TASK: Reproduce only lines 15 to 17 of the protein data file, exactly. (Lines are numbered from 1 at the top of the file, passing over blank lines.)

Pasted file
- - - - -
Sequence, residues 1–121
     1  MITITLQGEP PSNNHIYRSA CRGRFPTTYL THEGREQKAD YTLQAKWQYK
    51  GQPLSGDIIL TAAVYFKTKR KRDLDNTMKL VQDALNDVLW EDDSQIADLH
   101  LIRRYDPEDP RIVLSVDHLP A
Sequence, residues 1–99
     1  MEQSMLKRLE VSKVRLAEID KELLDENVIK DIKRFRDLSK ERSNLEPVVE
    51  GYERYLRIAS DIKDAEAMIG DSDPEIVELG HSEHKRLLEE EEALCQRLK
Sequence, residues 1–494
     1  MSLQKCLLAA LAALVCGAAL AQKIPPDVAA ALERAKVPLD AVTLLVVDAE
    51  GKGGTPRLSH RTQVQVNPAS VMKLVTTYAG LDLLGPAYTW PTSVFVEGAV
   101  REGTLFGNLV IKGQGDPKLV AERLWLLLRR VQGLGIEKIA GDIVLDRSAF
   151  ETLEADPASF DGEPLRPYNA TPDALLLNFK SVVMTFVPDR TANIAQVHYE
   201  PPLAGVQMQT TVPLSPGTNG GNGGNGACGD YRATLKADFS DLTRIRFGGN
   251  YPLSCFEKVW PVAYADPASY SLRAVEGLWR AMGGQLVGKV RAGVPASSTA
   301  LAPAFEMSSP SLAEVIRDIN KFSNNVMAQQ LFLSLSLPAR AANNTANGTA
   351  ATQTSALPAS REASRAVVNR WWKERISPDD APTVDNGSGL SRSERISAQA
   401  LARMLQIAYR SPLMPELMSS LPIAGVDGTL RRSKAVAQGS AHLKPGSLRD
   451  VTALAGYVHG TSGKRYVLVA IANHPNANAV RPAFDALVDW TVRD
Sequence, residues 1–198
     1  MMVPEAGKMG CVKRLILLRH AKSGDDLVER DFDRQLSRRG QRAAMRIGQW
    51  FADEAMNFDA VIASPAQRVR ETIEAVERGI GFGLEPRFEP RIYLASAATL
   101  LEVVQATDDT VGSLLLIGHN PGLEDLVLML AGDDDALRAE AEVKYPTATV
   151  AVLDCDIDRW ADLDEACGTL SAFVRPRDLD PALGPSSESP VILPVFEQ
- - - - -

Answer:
   301  LAPAFEMSSP SLAEVIRDIN KFSNNVMAQQ LFLSLSLPAR AANNTANGTA
   351  ATQTSALPAS REASRAVVNR WWKERISPDD APTVDNGSGL SRSERISAQA
   401  LARMLQIAYR SPLMPELMSS LPIAGVDGTL RRSKAVAQGS AHLKPGSLRD